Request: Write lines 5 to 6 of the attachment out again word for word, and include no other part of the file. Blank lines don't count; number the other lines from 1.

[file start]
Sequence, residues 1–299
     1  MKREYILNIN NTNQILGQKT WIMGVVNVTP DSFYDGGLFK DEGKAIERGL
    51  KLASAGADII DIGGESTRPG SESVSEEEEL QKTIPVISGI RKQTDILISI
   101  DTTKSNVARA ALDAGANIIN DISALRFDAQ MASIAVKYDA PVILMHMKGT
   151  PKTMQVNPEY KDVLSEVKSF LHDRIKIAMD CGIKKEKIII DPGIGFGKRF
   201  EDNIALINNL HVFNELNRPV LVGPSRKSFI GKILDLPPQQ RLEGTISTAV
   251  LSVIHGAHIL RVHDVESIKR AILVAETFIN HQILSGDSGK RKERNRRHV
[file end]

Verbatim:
   151  PKTMQVNPEY KDVLSEVKSF LHDRIKIAMD CGIKKEKIII DPGIGFGKRF
   201  EDNIALINNL HVFNELNRPV LVGPSRKSFI GKILDLPPQQ RLEGTISTAV